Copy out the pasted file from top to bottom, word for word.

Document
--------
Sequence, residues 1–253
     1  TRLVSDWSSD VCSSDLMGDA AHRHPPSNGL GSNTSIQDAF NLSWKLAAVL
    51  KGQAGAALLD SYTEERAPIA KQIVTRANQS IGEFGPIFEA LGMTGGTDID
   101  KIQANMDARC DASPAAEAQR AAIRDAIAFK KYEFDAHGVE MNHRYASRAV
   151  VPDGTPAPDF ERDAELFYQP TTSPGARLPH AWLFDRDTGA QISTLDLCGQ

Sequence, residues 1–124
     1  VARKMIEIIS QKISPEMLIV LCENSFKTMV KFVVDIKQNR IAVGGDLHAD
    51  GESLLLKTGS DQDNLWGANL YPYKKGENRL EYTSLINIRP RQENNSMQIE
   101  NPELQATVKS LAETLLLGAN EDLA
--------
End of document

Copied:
Sequence, residues 1–253
     1  TRLVSDWSSD VCSSDLMGDA AHRHPPSNGL GSNTSIQDAF NLSWKLAAVL
    51  KGQAGAALLD SYTEERAPIA KQIVTRANQS IGEFGPIFEA LGMTGGTDID
   101  KIQANMDARC DASPAAEAQR AAIRDAIAFK KYEFDAHGVE MNHRYASRAV
   151  VPDGTPAPDF ERDAELFYQP TTSPGARLPH AWLFDRDTGA QISTLDLCGQ

Sequence, residues 1–124
     1  VARKMIEIIS QKISPEMLIV LCENSFKTMV KFVVDIKQNR IAVGGDLHAD
    51  GESLLLKTGS DQDNLWGANL YPYKKGENRL EYTSLINIRP RQENNSMQIE
   101  NPELQATVKS LAETLLLGAN EDLA